Hovenia dulcis flowers.
Hovenia dulcis flowers

Oriental Raisin Tree, also called Chinese or Japanese Raisin Tree

Hovenia dulcis

Origin:

The original centre of distribution was China, Japan and Korea but it’s now grown in regions of India, the US, Cuba, Brazil, North Africa, Southern Europe and elsewhere primarily for its fruit but also as an ornamental. In some environments it can be invasive.

Climate:

Moist, cool sub-tropical or temperate humid conditions are preferred although it can tolerate mild drought. In southern China and northern Vietnam and Thailand it grows up to an altitude of 2000m, and is very cold-hardy when in the leafless dormant stage through winter.

Plant Description:

The species is deciduous and can grow to 25m with a large high canopy. The spirally- arranged chartaceous and shallowly-serrated simple leaves are ovate to oblong 11-13 X 5-9cm with a pointed apex and rounded base, glabrous green on the upper surface and pale green underneath with 3 main pilose veins branching from the 12-14mm long petioles.

Relatives:

Member of the Rhamnaceae family containing about 50 genera and 900 species; the genus Hovenia has only 3 species. Jujube (Ziziphus jujube) is taxonomically close to the raisin tree and really the only other relevant species in the family grown for its fruit. Like the jujube, it also has zig-zagged young branches although in this case less pronounced.

Soils:

Non-demanding of soil pH and type, with acceptable growth in acidic and alkaline sands and loams provided they are well-drained and don’t become waterlogged.

Propagation:

Usually by seed. Germination is very slow or unreliable but this can be improved with heavy scarification of the thick seed coat. Cuttings represent a better pathway.

Cultivars:

There has been no systematic breeding work recorded.

Flowering and Pollination:

Inflorescences are terminal or axillary cymes. The greenish-yellow flowers that form in late spring are hermaphrodite and self-fertile, 6-8mm wide, with a glabrous pedicel and sepals, 5 whitish obovate petals with opposing stamens and a globose ovary with a central style dividing into three short terminal lobes. Bees provide at least some of the pollination services.

Cultivation:

It should be planted in full sun but will tolerate partial shade.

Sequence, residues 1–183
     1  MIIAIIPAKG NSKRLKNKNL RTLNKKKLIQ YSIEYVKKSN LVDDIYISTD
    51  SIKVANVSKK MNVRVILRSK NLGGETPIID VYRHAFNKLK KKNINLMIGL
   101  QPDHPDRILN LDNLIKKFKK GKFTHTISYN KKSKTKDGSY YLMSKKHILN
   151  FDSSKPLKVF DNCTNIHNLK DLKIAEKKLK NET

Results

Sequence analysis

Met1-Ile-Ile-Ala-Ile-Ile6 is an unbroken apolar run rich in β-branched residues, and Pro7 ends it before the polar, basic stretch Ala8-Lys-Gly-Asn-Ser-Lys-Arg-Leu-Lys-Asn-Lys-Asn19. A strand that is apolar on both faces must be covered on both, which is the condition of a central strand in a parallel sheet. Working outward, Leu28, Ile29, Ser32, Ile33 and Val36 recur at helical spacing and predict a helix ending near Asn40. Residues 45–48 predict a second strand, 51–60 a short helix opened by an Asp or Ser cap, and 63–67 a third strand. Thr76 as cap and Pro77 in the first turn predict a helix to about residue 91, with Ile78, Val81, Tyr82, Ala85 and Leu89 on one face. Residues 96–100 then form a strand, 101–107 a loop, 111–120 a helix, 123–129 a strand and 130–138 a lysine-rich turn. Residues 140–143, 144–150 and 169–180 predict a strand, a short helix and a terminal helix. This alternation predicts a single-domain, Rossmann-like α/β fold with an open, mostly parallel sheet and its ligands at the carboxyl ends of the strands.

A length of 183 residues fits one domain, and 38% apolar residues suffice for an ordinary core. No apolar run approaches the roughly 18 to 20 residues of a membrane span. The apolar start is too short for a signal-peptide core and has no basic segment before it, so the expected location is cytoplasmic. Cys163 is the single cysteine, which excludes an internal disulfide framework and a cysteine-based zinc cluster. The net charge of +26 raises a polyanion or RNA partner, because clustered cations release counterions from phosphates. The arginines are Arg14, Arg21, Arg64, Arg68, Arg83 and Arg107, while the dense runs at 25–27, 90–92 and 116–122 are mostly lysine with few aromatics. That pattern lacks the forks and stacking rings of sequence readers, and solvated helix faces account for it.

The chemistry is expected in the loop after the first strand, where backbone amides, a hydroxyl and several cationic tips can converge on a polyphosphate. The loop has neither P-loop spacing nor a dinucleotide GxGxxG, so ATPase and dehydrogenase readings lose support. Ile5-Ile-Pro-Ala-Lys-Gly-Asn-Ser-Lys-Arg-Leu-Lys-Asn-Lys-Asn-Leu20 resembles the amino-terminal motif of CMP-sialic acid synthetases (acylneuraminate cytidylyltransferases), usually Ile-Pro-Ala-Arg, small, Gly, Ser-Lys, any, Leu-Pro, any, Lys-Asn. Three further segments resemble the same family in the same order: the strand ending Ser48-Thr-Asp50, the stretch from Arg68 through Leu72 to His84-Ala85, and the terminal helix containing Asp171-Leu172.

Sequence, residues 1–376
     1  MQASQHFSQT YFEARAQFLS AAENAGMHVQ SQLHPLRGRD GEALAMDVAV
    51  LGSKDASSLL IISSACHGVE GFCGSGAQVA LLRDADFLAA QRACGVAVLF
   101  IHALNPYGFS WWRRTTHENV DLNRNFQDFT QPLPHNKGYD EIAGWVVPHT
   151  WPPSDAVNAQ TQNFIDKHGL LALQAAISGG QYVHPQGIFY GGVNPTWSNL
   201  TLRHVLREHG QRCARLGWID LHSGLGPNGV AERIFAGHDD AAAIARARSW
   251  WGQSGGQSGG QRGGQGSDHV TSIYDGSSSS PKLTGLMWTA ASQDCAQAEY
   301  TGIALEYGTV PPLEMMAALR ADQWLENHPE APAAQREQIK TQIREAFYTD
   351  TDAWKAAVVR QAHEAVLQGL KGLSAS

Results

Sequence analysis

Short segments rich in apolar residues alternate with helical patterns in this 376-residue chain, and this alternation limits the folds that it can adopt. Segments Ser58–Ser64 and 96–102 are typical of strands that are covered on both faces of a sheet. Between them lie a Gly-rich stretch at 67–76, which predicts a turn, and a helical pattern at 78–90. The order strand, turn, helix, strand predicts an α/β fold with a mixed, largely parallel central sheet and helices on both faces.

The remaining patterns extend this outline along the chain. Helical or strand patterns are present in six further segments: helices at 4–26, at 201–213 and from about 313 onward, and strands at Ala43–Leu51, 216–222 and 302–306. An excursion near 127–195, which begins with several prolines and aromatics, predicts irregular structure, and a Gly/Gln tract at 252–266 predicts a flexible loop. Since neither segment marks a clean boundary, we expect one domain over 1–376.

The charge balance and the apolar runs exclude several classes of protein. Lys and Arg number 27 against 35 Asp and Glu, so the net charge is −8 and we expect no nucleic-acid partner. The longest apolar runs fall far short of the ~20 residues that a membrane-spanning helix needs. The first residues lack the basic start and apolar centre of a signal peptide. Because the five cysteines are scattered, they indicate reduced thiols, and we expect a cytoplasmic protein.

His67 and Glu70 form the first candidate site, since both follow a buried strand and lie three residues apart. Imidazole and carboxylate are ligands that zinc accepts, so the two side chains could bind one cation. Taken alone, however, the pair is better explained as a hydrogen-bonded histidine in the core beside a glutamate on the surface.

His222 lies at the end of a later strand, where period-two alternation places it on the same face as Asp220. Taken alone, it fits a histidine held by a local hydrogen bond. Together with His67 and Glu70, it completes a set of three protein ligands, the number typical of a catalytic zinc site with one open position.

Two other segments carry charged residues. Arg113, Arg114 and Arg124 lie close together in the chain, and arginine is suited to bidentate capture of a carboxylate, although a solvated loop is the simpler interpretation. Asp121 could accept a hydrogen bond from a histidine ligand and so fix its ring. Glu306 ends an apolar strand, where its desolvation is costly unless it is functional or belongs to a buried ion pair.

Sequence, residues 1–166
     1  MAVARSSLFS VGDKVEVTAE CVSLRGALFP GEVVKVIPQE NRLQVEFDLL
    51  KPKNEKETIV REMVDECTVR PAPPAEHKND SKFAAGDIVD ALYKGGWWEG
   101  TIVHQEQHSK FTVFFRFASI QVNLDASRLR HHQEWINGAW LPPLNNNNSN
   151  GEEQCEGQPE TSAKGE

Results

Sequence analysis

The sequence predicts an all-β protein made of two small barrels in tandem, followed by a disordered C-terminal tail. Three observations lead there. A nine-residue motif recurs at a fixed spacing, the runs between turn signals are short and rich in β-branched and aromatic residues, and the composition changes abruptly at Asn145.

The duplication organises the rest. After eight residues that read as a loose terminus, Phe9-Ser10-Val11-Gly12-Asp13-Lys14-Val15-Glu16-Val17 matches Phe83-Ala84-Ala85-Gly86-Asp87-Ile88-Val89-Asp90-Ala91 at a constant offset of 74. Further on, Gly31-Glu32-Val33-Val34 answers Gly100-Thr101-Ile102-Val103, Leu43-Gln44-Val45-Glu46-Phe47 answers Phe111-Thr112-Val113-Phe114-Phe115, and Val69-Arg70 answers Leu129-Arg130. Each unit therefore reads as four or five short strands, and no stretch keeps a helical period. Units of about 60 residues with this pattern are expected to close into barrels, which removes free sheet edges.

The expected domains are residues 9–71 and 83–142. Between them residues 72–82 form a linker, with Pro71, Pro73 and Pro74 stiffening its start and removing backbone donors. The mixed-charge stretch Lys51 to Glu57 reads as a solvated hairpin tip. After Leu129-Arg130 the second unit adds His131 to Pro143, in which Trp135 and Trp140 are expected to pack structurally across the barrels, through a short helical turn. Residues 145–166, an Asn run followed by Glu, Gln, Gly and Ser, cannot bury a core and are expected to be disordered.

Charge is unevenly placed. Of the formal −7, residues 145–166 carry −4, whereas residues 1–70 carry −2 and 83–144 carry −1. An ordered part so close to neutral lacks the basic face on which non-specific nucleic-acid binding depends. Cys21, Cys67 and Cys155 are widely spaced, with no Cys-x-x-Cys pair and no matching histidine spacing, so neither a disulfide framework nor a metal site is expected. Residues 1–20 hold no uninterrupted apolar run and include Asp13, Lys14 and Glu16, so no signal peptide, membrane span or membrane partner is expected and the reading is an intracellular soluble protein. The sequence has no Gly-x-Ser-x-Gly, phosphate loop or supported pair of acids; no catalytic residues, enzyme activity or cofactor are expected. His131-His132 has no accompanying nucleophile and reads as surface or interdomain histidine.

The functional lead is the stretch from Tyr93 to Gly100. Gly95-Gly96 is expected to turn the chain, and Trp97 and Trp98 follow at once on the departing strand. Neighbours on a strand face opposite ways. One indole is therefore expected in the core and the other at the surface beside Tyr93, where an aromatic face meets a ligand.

Wind Tolerance:

Reasonably tolerant when mature.

Pruning:

They have a tendency to self-prune lower branches, though if growing in preferred conditions favouring substantial growth you may have to intervene to keep size manageable.

The Fruit:

The main edible part is not the fruit itself but the contorted and significantly swollen (tumefied) peduncles, 3-7mm diameter, green turning reddish-brown on maturity. They are fleshy with a sweet crunchy pulp that may contain up to 5% tartaric acid (a characteristic acid in grapes and wines) and 25-50% sugars mainly as glucose. If dried, the sugars are concentrated even further. The raisin pear-like taste with overtones of clove and cinnamon plus their dark brown colour gives them their common name. The true drupaceous fruit at the extremity is a 7-8 X 6-7cm dehiscent capsule, green turning brown-black and containing 3 flat orange to brown-black seeds.

Fruit Production and Harvesting:

Seedlings may begin flowering in 3-4 years but then another 3-6 years may be necessary before ripe fruit and peduncles are produced; vegetatively-propagated plants may fruit in half this time. Picking the numerous peduncles, usually in late summer/autumn, is labour-intensive; this can be done when the true fruit has become dark coloured or when peduncles and fruit fall to the ground.

Fruit Uses:

Fruit stalks are usually eaten fresh as a snack food but can also be dried, cooked or otherwise processed; the true fruit is not eaten. The raisin tree is not grown commercially to any extent. The high sugar content makes purees suitable for production of fermented products, and concentrated extracts can be used to make jellies and jams. They do not store well fresh but when dried may keep for several months.

Pests and Diseases:

Minimal problems.

Comments:

Hovenia dulcis is not a well-known species here or elsewhere and doesn’t produce a top-ranked edible fruit. The small peduncle size is offset by their large number, resulting in a reasonable total harvest but at the expense of picking time. Perhaps its main attributes in WA are novelty value and minimal management issues. The seedling juvenile period is prolonged.